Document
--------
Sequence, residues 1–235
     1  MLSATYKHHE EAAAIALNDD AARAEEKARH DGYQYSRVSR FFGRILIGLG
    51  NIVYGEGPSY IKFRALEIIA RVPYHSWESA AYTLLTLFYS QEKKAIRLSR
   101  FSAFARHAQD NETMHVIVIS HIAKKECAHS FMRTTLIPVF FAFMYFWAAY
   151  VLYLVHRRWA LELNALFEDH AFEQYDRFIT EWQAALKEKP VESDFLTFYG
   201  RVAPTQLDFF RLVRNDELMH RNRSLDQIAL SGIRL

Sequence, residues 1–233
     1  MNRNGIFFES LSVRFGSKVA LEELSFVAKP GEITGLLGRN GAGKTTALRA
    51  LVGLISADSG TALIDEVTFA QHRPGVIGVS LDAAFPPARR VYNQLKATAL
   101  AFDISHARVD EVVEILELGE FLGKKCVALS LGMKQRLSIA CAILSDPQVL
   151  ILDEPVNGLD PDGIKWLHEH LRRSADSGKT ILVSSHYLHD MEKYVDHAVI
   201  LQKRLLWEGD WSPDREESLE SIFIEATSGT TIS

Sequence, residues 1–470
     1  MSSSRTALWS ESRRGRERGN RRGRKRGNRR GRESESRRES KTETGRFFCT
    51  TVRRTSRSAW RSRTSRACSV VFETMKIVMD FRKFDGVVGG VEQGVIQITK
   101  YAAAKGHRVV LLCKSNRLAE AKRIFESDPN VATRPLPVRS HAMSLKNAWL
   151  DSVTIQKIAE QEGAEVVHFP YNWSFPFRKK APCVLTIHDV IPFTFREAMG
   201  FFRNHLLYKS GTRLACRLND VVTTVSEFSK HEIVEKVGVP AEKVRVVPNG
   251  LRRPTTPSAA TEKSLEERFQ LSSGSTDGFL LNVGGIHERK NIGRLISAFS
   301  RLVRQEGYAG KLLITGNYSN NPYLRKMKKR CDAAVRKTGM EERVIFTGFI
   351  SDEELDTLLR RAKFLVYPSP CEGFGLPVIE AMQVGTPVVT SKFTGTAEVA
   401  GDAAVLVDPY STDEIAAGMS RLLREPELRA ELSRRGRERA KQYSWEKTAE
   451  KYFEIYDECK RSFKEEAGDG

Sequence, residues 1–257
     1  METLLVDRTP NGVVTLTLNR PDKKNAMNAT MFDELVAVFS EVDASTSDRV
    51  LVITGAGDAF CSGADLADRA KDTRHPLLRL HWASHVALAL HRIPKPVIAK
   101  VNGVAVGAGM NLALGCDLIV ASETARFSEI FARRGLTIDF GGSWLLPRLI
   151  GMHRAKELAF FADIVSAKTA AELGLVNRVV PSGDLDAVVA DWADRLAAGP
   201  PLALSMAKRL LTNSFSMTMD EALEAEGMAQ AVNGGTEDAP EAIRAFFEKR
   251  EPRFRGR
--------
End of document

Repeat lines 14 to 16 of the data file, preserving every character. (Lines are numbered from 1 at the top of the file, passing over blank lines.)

     1  MSSSRTALWS ESRRGRERGN RRGRKRGNRR GRESESRRES KTETGRFFCT
    51  TVRRTSRSAW RSRTSRACSV VFETMKIVMD FRKFDGVVGG VEQGVIQITK
   101  YAAAKGHRVV LLCKSNRLAE AKRIFESDPN VATRPLPVRS HAMSLKNAWL